Innovation Can Happen

In large organisations, not everybody with a good idea will succeed in getting it to the attention of senior management. And without that, there is probably very little chance that this idea will ever turn into a competitive advantage for the company. That’s why Danone Information Systems (DAN’IS) initiated a worldwide innovation process, facilitated by Danone’s EMEA CIO Michael Kollig and his team.

So how does it work?

Every member of the global IS staff can introduce ideas on an internal platform. Other staff members are encouraged to comment, like or dislike the ideas, so that popular ideas are becoming easily identifiable. Basically, there are no limitations to what type of ideas can be proposed, but they have to fulfill three principles:

  • They need to be relevant for Danone.
  • There needs to be a clear reason why Danone should do it.
  • A business potential is feasible.

A team of ‘internal venture capitalists’, with funds and resources provided by senior management of Danone IS at their disposal, will then pick the most promising ideas. The creators of the ideas remain the owners and will drive the development. “This is very important to us; we want to give the innovator all the required room to develop his or her idea” says Mr. Kollig.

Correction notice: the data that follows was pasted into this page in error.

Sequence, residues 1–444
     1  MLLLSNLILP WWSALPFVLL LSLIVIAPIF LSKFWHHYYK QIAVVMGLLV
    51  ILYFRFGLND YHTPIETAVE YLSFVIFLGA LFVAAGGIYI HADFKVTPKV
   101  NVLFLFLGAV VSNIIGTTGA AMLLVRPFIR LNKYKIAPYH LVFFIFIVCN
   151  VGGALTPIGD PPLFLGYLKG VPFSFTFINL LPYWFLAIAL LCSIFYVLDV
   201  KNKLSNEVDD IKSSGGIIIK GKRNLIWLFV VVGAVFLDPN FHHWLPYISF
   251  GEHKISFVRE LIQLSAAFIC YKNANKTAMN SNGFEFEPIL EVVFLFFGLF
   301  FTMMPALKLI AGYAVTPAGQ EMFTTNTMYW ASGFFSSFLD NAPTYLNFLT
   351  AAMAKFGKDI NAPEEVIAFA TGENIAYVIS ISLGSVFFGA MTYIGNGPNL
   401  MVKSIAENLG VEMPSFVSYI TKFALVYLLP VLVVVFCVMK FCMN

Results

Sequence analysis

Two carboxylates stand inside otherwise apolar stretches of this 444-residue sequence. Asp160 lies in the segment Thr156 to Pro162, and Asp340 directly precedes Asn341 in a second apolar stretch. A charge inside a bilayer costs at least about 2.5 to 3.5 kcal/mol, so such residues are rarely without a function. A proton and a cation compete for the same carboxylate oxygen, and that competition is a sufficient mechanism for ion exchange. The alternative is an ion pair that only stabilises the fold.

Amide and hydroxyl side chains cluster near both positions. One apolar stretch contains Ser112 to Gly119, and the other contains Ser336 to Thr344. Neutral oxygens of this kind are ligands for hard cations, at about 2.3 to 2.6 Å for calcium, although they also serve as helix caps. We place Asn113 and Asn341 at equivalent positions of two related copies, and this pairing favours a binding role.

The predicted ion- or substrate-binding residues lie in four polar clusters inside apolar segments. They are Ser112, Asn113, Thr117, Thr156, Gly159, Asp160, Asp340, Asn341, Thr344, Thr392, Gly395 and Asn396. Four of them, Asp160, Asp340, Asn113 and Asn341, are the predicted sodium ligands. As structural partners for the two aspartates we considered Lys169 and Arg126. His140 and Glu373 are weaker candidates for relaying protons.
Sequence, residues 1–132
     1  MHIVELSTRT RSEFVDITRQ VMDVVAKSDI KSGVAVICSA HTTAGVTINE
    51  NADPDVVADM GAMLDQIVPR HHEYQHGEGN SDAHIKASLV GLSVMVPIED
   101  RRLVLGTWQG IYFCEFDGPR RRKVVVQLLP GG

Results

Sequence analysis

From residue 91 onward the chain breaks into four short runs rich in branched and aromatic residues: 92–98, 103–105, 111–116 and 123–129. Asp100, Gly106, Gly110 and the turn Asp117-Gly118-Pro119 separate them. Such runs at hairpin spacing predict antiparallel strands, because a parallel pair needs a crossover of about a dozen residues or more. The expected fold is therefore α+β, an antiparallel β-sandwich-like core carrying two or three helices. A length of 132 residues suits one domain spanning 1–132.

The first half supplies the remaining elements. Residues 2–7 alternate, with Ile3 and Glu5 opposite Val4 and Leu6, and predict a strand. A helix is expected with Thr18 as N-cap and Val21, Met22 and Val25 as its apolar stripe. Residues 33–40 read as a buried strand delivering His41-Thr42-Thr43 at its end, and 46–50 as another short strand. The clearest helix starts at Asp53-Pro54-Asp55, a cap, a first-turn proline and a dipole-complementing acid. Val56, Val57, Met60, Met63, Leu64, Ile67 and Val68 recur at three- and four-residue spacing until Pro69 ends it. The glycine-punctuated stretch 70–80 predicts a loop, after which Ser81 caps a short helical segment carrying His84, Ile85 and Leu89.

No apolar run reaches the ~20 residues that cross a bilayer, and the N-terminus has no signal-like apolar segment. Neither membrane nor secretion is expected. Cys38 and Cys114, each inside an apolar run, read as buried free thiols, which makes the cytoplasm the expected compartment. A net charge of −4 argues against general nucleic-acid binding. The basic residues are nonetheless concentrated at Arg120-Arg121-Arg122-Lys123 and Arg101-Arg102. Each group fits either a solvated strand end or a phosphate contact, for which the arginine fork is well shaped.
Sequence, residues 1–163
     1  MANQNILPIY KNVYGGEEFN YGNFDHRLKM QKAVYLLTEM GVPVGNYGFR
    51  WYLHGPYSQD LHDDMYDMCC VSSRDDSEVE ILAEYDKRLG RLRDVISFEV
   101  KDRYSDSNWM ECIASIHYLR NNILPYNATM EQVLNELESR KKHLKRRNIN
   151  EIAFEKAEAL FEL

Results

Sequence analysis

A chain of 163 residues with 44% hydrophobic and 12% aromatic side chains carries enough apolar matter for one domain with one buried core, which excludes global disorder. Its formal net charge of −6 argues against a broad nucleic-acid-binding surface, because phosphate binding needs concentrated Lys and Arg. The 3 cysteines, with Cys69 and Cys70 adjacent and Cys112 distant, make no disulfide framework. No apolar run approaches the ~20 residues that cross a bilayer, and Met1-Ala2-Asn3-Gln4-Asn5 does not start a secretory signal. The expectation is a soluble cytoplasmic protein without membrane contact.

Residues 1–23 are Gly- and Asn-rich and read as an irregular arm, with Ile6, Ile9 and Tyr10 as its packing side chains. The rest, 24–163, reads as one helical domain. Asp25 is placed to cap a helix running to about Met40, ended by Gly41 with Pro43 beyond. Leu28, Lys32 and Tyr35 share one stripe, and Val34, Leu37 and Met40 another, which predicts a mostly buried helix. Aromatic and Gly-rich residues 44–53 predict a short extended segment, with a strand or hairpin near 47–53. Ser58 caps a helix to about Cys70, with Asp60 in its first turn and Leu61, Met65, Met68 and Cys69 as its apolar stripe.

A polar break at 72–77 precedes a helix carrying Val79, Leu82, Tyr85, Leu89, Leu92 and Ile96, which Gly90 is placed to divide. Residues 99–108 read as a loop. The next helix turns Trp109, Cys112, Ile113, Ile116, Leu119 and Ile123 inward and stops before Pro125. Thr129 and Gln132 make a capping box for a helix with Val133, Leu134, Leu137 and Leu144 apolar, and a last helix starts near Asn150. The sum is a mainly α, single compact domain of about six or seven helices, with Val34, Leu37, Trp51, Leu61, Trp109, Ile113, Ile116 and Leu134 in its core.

CIO = Chief Innovation Officer?

Is it logical that the CIO drives such an innovation process? It depends. The CIO is the person in the organization who has probably the ‘broadest’ understanding of the internal processes and usually knows all projects and procedures. Furthermore, it is the responsibility of the CIO to provide enabling technology for the company to improve its competitive positioning. For that, he needs to understand the requirements of the internal and external customers. Combine all of that with the natural affinity for new technology and the CIO looks like the ideal candidate to be the Chief Innovation Officer. “It’s not really important whether innovation is driven by the CIO, it’s important that innovation can happen”, says Mr Kollig.

Read the full article here.

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